Yet another milestone along the protein design molecular engineering path to advanced nanotechnology has been reached, thanks to the efforts of the laboratory of David Baker, one of the 2004 winners of the Foresight Feynman Prize in Nanotechnology for Theoretical work. From KurzweilAI “How to design proteins from scratch“:
… By following a set of rules, they designed five proteins from scratch that fold reliably into predicted conformations. In a blind test, the team showed that the synthesized proteins closely match the predicted structures.
“What you have now is a flexible set of building blocks for nanoscale assembly,” says Jeremy England, a molecular biophysicist at the Massachusetts Institute of Technology in Cambridge, who was not involved in the work. …
More detail is given in a commentary in Nature, the journal in which the research was published “Proteins made to order: Researchers design proteins from scratch with predictable structures“:.
… Baker’s proteins are in a sense “platonic ideals”, he says: simple backbone constructs with every amino acid optimized to fold into the prescribed, stable structure. In this way they differ from natural proteins, whose folded structures represent a compromise between the competing requirements of optimum folding and biological function, leading to “frustrated” parts of the sequence that may be essential for function but are destabilizing to the fold. As evidence of their stability, the designed proteins melt at about 100 °C, Koga says, compared to 40–50 °C for a natural protein. …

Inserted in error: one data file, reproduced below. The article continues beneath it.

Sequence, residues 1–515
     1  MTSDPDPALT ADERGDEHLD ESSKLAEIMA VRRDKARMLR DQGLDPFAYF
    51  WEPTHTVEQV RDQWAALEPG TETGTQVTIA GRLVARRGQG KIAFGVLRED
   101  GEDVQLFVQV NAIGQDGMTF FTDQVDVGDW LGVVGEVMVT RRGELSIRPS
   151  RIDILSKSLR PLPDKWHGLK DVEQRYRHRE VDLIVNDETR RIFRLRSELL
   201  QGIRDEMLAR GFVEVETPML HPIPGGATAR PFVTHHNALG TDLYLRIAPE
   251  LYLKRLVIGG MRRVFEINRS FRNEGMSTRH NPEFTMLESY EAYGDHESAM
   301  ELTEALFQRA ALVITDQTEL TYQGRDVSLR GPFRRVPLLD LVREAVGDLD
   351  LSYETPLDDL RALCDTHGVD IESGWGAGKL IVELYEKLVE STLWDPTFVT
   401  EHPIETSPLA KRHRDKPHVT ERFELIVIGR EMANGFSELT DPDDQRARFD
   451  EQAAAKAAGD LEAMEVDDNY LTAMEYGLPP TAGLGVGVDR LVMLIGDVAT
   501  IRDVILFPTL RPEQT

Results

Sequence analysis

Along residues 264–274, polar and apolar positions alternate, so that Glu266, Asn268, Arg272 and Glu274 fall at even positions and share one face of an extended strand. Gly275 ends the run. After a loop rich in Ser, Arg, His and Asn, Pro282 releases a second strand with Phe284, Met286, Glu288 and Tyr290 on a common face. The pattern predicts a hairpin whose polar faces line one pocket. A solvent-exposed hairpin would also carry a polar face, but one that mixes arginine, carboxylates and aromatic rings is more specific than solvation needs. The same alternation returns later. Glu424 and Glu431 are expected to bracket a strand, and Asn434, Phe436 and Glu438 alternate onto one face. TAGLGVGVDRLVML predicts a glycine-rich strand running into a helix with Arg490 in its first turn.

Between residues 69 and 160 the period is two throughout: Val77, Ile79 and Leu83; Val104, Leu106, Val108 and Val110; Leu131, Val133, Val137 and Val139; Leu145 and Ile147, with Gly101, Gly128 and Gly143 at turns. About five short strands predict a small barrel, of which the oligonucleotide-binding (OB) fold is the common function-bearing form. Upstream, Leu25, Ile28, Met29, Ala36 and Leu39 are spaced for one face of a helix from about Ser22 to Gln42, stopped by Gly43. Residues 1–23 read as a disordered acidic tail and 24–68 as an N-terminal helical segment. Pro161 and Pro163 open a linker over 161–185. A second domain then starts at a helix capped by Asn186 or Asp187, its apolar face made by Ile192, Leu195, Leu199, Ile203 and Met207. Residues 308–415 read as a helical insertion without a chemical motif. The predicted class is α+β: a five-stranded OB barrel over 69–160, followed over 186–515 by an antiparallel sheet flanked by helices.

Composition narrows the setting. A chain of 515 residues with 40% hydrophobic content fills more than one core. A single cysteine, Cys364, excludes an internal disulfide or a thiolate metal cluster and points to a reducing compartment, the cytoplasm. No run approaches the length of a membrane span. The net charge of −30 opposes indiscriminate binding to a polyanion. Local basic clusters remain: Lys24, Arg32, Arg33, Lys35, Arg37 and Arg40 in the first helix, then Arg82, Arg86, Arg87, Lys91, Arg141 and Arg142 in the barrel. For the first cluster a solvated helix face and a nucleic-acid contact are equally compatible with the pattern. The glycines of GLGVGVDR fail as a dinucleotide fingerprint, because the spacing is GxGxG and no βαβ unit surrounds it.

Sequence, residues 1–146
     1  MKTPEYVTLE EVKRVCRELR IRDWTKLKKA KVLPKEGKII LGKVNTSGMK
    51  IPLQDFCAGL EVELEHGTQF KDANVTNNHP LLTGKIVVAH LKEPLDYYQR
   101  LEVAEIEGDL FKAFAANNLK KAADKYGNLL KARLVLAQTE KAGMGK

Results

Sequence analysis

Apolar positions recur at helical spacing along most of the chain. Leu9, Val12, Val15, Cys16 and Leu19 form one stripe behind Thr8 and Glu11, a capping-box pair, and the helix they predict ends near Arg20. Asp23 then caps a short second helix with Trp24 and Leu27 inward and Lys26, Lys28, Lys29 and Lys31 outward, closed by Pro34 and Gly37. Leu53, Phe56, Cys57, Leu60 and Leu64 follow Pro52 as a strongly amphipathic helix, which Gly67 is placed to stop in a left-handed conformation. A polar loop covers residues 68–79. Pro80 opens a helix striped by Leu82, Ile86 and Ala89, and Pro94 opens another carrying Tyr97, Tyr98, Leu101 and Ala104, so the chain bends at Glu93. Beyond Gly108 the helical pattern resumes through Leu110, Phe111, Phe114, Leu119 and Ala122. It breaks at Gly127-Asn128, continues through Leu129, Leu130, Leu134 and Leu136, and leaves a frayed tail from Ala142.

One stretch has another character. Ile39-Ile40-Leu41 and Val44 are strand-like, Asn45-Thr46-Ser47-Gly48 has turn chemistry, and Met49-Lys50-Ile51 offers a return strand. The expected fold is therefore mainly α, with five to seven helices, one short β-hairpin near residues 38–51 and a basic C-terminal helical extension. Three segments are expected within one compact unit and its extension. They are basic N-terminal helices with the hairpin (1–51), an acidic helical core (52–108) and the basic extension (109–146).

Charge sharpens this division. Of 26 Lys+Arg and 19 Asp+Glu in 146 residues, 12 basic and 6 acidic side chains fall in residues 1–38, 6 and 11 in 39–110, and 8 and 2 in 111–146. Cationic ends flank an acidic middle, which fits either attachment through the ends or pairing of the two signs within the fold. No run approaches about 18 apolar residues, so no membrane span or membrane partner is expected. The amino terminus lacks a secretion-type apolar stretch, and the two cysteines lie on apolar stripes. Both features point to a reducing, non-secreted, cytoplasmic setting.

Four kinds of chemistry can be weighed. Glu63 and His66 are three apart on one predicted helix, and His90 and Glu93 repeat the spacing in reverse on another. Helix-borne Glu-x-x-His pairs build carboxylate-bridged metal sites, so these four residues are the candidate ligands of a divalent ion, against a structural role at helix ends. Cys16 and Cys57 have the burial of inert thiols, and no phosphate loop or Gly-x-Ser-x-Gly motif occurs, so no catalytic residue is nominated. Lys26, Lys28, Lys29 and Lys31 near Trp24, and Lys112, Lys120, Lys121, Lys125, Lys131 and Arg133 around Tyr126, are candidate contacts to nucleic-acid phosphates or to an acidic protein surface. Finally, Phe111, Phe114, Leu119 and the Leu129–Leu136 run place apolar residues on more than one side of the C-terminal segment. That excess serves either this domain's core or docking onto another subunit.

The best summary of the significance of this result is given by the authors in the conclusion of their paper (reference numbers omitted from quotation):
The design principles and methodology we have described should allow the ready design of a wide range of robust and stable protein building blocks for the next generation of engineered functional proteins. Almost all protein design and engineering efforts so far have repurposed naturally occurring proteins that evolved for some other, often unrelated, function. It should now become possible to custom-design protein scaffolds ideal for the desired function, and to build larger assemblies and materials from robust ideal building blocks.
From the standpoint of advanced nanotechnology/molecular manufacturing, the “build larger assemblies” part is especially interesting. The abstract of the research is available on the journal web site, and the authors have made a full text PDF available on the Baker lab web site.
—James Lewis, PhD